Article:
US20100332828 *Aug 8, 2008Dec 30, 2010Canon Kabushiki KaishaApparatus and method for sharing of an encryption key in an ad-hoc network
US20110084800 *Jan 6, 2010Apr 14, 2011Lee-Chun KoAccess Authorization Method And Apparatus For A Wireless Sensor Network
US20110243330 *Dec 8, 2009Oct 6, 2011China Iwncomm Co., Ltd.Authentication associated suite discovery and negotiation method
US20110258447 *Jun 14, 2011Oct 20, 2011Huawei Technologies Co., Ltd.Method, system and authentication centre for authenticating in end-to-end communications based on a mobile network
Classifications
U.S. Classification713/171, 713/168, 709/225, 709/229, 380/47, 713/150, 705/67, 380/229, 709/226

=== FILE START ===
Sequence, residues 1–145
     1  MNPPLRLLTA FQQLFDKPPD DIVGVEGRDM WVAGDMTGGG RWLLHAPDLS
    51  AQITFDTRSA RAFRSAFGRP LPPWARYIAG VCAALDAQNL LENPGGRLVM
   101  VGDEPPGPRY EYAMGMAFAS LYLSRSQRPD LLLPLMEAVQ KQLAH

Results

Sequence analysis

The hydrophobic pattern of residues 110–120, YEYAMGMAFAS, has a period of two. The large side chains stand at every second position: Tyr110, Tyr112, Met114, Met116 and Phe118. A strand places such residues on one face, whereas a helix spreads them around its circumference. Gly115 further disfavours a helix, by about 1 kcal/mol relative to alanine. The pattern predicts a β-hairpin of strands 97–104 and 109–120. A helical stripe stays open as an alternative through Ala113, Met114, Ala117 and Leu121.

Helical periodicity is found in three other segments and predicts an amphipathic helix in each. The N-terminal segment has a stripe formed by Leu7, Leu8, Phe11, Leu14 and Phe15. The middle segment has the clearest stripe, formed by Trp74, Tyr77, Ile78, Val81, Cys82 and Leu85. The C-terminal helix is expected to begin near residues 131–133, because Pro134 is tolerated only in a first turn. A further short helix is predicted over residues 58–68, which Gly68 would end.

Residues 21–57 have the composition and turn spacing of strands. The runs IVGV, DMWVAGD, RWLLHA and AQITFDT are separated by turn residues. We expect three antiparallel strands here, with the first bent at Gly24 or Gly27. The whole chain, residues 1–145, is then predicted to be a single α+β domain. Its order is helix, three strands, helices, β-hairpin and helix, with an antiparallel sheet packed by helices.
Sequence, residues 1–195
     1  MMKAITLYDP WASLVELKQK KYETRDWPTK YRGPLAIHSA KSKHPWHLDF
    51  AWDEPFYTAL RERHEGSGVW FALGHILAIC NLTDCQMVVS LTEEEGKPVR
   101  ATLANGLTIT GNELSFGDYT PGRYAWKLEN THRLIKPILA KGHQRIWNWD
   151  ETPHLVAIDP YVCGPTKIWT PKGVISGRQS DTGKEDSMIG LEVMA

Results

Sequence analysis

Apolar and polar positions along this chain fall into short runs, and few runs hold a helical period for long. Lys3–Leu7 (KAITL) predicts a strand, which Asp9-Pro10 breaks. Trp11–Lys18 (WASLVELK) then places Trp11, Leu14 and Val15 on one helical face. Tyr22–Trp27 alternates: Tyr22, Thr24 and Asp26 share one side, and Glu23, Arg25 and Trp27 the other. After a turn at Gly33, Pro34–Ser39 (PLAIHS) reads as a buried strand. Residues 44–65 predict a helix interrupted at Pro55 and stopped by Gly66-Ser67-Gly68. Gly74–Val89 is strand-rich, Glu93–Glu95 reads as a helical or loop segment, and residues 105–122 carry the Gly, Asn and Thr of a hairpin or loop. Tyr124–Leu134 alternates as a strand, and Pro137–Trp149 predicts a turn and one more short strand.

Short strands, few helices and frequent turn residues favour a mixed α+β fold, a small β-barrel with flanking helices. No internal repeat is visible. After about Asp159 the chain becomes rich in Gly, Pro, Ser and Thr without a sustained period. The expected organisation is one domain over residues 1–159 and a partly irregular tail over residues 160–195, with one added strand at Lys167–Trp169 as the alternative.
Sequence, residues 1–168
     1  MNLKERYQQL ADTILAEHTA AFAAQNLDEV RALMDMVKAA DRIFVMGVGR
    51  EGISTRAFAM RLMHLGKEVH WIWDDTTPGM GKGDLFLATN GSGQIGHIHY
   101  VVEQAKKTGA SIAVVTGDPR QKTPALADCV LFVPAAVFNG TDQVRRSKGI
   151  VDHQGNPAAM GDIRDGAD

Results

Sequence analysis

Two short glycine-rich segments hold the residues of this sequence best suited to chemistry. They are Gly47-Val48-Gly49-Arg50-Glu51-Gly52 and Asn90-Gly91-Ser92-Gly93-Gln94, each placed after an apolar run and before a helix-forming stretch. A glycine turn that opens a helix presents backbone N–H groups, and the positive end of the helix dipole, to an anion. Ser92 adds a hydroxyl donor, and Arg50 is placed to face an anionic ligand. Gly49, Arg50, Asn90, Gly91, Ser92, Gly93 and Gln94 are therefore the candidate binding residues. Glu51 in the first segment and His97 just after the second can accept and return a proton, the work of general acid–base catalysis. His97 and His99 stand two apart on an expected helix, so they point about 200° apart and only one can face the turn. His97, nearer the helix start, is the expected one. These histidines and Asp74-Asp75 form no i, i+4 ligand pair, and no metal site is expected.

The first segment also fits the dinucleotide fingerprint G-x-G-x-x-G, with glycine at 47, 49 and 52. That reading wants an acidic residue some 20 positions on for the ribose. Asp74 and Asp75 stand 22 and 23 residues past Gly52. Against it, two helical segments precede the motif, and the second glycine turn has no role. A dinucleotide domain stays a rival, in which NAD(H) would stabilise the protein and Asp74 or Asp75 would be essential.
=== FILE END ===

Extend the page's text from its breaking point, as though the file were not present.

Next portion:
International ClassificationH04L9/32
Cooperative ClassificationH04L2209/80, H04L9/0838, H04L9/083, G06Q20/3674, H04L9/0891
European ClassificationG06Q20/3674, H04L9/08
Legal Events
DateCodeEventDescription
Feb 25, 2014FPAYFee payment
Year of fee payment: 4
Dec 25, 2012CCCertificate of correction
Apr 6, 2011ASAssignment
Effective date: 20110104
Free format text: CHANGE OF NAME;ASSIGNOR:MOTOROLA, INC;REEL/FRAME:026081/0001
Owner name: MOTOROLA SOLUTIONS, INC., ILLINOIS
Aug 22, 2006ASAssignment
Owner name: MOTOROLA, INC., ILLINOIS
Free format text: ASSIGNMENT OF ASSIGNORS INTEREST;ASSIGNORS:FU, ZHI;EASTLAKE, III, DONALD E.;METKE, ANTHONY R.;REEL/FRAME:018154/0781;SIGNING DATES FROM 20060810 TO 20060814
Free format text: ASSIGNMENT OF ASSIGNORS INTEREST;ASSIGNORS:FU, ZHI;EASTLAKE, III, DONALD E.;METKE, ANTHONY R.;SIGNING DATES FROM 20060810 TO 20060814;REEL/FRAME:018154/0781